LGBTQ Memorials: The Names Project and the AIDS Quilt

Quilt squares fill the National Mall
Quilt squares from the AIDS Memorial Quilt fill the National Mall.

National Institutes of Health (Public Domain;

With over 48,000 panels, the AIDS Memorial Quilt is a visual and tactile tribute to the lives lost to HIV and AIDS, illnesses which have disproportionately affected gay communities for many reasons, including inadequate education of a closeted community, stigmatization, and inadequate treatment. Housed in Atlanta, Georgia and displayed at venues around the world, the Quilt creates a visual landscape where viewers are surrounded by the names of the thousands lost to this epidemic, as well as the overwhelming sense of love and connectivity inherent in the tradition of quilt making.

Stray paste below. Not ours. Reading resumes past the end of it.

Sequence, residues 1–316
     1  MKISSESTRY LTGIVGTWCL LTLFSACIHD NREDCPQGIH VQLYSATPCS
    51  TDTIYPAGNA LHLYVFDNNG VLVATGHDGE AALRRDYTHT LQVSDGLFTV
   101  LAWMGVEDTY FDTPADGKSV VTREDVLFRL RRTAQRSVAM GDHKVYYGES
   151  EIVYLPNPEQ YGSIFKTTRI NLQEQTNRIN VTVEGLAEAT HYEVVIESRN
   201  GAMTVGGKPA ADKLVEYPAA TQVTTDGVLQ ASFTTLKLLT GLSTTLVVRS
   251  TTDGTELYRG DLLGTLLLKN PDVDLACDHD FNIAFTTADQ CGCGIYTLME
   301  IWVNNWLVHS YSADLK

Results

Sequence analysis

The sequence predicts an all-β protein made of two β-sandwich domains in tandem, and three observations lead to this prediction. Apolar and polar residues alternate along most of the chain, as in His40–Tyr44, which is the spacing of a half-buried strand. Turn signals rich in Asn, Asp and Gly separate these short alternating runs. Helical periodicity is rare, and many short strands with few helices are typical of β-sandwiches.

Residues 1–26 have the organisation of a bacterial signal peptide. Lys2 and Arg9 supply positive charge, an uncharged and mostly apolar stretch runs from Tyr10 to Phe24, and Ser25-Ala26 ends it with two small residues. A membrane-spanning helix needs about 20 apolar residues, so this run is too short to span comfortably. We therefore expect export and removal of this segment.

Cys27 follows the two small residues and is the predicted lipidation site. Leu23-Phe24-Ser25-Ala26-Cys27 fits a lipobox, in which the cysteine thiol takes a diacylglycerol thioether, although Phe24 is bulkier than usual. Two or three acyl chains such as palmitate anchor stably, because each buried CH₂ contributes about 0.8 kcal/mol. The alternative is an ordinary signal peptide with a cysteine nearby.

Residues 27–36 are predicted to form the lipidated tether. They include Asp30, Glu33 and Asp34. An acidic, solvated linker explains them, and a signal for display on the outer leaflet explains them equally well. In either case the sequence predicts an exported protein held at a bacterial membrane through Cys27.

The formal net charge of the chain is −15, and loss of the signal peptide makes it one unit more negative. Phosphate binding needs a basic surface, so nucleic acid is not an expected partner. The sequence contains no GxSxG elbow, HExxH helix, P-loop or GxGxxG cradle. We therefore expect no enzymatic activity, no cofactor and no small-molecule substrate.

Inspiration for the project came in 1985, when activist Cleve Jones asked people to write the names of friends and loved ones who had died of AIDS on placards. He taped them to the wall of the San Francisco Federal Building and the impact of this enormous display, which represented the deaths in just one American community, led to the founding of The Names Project and the beginning of the Quilt. Panels have been contributed from all over the world and the Quilt remains the largest community art project ever created. It is a one-of-a-kind representation of the cost of HIV and AIDS, as well as the universal spirit of remembrance and commitment to finding a cure.

Part of a series of articles titled Finding Our Place: LGBTQ Heritage in the United States.

Last updated: February 20, 2018